The Constitution gives Americans, among other things, the right to criticize the government. But too often that reality gets lost on those who wield the levers of power.
When Mats Järlström’s wife received a ticket from a red light camera in 2013, the Swedish-born electronics engineer and Oregon resident did a little research into how yellow lights are timed. According to his calculations, the yellow light cycle was too short, as the 1950s-era formula failed to take into account for the longer time drivers need to turn a corner, instead of going straight through an intersection.
According to the Institute for Justice, a public-interest law firm, Mr. Järlström’s research prompted him and his wife to fight the ticket. It also led to him to begin writing and speaking publicly about how the timing of red light cameras can create unsafe driving conditions and unfair penalties for drivers who must slow down to turn.
Other people took notice of his research, too. The local media covered his story, he appeared on an episode of “60 Minutes,” and he was invited to present his findings at the annual meeting of Institute of Transportation Engineers last year.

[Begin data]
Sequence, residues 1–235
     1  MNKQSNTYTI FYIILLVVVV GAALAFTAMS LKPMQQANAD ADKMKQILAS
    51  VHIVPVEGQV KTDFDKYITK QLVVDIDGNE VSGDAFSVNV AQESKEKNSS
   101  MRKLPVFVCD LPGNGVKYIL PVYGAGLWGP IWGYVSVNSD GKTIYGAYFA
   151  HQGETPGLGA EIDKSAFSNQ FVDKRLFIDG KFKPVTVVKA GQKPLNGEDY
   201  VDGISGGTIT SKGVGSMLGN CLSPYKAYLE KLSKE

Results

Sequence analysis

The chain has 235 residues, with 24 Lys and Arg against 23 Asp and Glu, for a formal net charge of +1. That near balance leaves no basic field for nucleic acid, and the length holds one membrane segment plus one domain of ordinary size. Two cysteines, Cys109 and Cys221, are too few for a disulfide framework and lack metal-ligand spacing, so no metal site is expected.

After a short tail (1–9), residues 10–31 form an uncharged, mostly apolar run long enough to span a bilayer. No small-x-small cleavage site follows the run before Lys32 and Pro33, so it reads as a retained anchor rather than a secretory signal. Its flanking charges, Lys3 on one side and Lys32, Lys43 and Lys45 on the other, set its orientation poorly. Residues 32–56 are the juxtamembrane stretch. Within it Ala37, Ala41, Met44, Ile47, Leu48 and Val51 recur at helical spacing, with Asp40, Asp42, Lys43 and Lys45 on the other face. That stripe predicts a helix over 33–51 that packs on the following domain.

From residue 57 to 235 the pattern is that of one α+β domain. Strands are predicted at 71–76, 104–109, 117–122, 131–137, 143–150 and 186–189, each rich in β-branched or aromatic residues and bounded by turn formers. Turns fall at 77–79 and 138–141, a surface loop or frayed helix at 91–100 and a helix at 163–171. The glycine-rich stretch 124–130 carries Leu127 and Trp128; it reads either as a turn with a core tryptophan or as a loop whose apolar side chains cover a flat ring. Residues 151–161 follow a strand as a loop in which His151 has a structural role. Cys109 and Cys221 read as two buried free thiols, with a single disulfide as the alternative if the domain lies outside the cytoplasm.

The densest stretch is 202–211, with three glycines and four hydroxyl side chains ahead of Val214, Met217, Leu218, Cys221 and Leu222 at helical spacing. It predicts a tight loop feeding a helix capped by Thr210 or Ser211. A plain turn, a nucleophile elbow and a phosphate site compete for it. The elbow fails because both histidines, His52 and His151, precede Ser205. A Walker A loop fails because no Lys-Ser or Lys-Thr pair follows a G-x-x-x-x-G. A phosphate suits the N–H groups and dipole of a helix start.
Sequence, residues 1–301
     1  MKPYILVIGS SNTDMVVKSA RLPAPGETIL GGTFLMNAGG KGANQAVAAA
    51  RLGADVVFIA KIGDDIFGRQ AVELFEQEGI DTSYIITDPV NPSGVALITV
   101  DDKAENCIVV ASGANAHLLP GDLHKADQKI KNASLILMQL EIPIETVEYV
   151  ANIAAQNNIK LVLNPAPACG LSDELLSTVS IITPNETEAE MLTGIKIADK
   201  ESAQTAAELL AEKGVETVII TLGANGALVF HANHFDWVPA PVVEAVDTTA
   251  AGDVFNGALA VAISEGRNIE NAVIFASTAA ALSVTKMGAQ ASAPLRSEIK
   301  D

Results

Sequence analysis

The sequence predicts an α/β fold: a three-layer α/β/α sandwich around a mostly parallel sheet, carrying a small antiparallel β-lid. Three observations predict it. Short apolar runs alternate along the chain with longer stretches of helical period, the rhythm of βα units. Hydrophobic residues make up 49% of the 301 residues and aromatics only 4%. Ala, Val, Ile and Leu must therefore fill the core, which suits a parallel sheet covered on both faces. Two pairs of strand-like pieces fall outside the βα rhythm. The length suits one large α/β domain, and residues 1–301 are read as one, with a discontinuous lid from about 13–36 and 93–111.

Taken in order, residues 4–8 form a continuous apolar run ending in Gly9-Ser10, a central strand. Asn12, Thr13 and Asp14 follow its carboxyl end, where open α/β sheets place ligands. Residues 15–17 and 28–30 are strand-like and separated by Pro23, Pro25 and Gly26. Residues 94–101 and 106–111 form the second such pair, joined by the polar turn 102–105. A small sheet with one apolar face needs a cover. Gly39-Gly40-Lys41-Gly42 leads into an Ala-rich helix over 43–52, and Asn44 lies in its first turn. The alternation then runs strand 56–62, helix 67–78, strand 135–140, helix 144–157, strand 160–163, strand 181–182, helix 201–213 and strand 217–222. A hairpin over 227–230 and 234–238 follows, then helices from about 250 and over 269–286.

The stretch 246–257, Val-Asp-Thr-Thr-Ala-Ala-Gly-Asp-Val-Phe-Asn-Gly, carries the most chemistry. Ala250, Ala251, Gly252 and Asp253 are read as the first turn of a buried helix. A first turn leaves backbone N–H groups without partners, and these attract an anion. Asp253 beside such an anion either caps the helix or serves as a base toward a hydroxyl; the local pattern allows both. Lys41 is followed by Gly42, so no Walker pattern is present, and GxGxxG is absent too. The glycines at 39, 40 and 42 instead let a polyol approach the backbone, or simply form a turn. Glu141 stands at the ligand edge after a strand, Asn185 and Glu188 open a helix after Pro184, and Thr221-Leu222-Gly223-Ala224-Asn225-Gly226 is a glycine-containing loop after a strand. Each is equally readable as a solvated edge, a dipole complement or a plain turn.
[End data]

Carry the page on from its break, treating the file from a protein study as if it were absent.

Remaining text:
Mr. Järlström also sent a letter to the Oregon State Board of Examiners for Engineering and Land Surveying, asking for an opportunity to present his findings.
Instead of granting his request, however, the board fined Mr. Järlström $500, accusing him of violating a state law by speaking about engineering issues without a license.
Yes, you read that right.
“By providing the public with his traffic engineering calculations,” the board said, “Järlström engaged in the practice of engineering.” If Mr. Järlström didn’t cease with his criticisms, the board maintained, he could be subject to thousands of dollars in fines and up to one year in jail.
While Mr. Järlström paid the $500 fine, he is now suing the state in federal court. “Criticizing the government’s engineering isn’t a crime. It’s a constitutional right,” said Samuel Gedge of the Institute for Justice, which is representing Mr. Järlström. “You don’t need to be a licensed engineer to talk about traffic lights.”
As Reason pointed out in a recent article, Mr. Järlström earned a degree in electrical engineering from Sweden, worked as an airplane camera mechanic in that country’s air force, and, while he doesn’t have an engineering license from the state of Oregon, he has held a variety of technical jobs since immigrating to the United States in 1992.
Regardless of his background, this whole controversy is ludicrous. Mr. Järlström doesn’t need permission from the government to do math. Nor does he need permission to share his mathematical findings in an effort to defend himself. Oregon officials are making fools of themselves.